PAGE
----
An Ode To Mr Gritter Man
By Hannah Kernaghan
Yesterday involved a standard drive home; road rage festering and patience slowly wearing. This of course wasn’t at all helped by the oversized yellow truck driving approximately 3 miles an hour in front of me, chucking out stones that kept hitting my windscreen.
This went on for what seemed like fifty miles (probably was only 2) but as the journey went on I started to mellow a bit, and actually began to appreciate the job of the ‘Gritter Man’.
This was my thinking: here he was, day-in day-out doing the same job for hours on end. All so that our roads aren’t slippy and so that we don’t crash.
Just as quickly as this thought appeared, I suddenly had a great feeling of despondency for the Gritter Man. Each night he would go to bed, having done a days work, never really knowing the impact that he had that day. Never fully understanding how important his job was.
You see his job is to be the preventer. He gets there before the crash. He does everything he can to stop it from happening in the first place by making our roads less slippery. Therefore it is sometimes hard to appreciate his role because he often stops something from happening that never had a chance to potentially happen in the first place.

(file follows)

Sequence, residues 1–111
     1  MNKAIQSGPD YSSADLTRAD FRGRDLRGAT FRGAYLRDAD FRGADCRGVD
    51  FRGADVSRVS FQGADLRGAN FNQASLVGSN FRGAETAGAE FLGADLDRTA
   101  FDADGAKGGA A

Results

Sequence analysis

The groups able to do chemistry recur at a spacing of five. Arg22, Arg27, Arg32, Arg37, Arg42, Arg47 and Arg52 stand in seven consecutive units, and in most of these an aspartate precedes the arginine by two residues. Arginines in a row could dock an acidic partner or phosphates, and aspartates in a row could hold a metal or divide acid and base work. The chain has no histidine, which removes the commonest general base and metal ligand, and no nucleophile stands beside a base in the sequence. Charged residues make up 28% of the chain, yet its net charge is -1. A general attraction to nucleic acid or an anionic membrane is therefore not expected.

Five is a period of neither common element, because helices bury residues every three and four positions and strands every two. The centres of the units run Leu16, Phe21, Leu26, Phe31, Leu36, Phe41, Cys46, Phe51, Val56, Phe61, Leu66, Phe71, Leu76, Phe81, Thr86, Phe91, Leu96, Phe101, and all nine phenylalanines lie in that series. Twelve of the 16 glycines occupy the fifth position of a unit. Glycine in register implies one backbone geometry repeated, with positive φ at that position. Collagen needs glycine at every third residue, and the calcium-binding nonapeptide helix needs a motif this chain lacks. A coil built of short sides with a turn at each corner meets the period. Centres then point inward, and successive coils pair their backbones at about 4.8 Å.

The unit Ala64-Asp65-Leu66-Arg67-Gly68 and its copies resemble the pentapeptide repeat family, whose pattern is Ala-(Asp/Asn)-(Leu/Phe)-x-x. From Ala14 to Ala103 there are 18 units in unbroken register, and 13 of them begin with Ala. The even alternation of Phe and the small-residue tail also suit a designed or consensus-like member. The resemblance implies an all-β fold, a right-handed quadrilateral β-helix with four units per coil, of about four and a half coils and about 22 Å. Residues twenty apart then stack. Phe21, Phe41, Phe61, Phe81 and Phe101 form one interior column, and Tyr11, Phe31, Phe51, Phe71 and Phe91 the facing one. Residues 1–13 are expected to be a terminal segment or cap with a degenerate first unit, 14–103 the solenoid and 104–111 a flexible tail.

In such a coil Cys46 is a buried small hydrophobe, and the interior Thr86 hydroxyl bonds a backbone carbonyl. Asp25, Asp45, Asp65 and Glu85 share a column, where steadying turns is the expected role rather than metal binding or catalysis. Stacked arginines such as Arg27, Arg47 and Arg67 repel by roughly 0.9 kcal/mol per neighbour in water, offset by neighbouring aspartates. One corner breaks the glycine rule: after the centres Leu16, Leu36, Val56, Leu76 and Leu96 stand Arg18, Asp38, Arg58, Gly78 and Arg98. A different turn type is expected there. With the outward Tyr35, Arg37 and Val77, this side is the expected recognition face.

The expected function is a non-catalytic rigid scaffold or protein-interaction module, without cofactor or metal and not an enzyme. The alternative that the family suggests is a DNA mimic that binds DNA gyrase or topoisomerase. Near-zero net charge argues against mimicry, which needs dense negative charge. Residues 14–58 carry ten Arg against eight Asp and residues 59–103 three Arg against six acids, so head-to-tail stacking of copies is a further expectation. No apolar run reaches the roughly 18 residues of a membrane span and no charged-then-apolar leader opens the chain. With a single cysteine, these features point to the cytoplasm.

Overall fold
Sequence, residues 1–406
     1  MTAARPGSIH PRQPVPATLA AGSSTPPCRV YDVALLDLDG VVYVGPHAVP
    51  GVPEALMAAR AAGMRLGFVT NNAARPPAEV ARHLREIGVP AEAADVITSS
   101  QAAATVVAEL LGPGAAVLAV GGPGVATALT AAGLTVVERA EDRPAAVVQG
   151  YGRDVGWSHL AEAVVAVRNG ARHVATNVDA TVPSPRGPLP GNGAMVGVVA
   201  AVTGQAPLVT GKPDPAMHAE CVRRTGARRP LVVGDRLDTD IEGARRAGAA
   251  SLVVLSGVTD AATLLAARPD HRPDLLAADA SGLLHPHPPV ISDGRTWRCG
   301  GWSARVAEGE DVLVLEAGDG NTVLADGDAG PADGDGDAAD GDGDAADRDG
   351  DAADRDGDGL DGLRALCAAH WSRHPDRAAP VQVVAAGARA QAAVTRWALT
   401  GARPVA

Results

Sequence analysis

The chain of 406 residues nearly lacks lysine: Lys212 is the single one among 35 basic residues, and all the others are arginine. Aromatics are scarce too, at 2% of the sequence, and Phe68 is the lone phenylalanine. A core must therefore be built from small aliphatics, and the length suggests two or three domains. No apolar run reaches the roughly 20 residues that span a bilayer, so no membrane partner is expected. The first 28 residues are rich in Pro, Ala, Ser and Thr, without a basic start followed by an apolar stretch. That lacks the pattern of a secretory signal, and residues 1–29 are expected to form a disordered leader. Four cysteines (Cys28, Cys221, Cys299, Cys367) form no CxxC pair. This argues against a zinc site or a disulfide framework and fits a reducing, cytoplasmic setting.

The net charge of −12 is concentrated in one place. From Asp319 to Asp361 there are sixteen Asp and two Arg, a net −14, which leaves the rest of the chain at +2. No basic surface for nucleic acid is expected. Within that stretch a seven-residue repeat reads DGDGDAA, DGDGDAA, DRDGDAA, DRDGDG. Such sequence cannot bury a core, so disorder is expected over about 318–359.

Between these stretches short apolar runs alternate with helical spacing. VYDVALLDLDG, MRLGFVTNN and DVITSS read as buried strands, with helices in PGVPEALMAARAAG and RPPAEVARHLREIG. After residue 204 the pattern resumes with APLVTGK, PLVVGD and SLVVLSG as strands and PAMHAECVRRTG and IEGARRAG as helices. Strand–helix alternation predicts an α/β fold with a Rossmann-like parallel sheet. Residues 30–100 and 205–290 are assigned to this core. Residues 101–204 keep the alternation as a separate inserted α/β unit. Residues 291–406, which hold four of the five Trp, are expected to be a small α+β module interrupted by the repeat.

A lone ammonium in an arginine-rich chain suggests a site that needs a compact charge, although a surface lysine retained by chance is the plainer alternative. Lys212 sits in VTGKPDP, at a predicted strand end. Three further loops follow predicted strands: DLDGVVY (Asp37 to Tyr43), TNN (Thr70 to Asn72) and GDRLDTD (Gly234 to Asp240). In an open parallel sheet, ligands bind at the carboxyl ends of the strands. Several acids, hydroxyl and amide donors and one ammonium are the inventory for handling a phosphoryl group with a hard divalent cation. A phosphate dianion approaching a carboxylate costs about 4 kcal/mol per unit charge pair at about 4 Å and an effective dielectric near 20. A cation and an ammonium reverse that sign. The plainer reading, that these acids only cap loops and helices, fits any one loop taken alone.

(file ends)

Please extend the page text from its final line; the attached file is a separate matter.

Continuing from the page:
Just as quickly as the first thought hit me, the second one came in like a brick. For a time in Kids Ministry I had felt somewhat discouraged. There weren’t thousands of kids getting saved every week, there wasn’t many dramatic turn-around stories about kids turning from drink and drugs. Life was just happening and I would do the same thing week in week out, working with these kids in the every day activities wondering whether or not my presence had an impact on them at all.
But here’s the thing: my job (and your job) is primarily to be the preventer. We have the opportunity to get there before the crash. The opportunity to stop something that could be potentially damaging and devastating in a child’s life. To perhaps be their only steady, consistent role model, to sew something so deep that it actually lasts into adulthood. Our relationships with kids have the potential to build them up, encourage them and set them up with the sort of outlook and self value that prevents them from looking to the world for fulfillment. Causing them to make the association of church with love, acceptance, value and belonging.
We won’t often see this work, or ever know if we’ve made a difference in this way but our job is vital. How much greater is it to stop something happening, than to try and fix it when it does happen?
So thank-you Mr Gritter Man. Though we don’t always see the effect of your work, if you were to disappear we would soon notice you missing.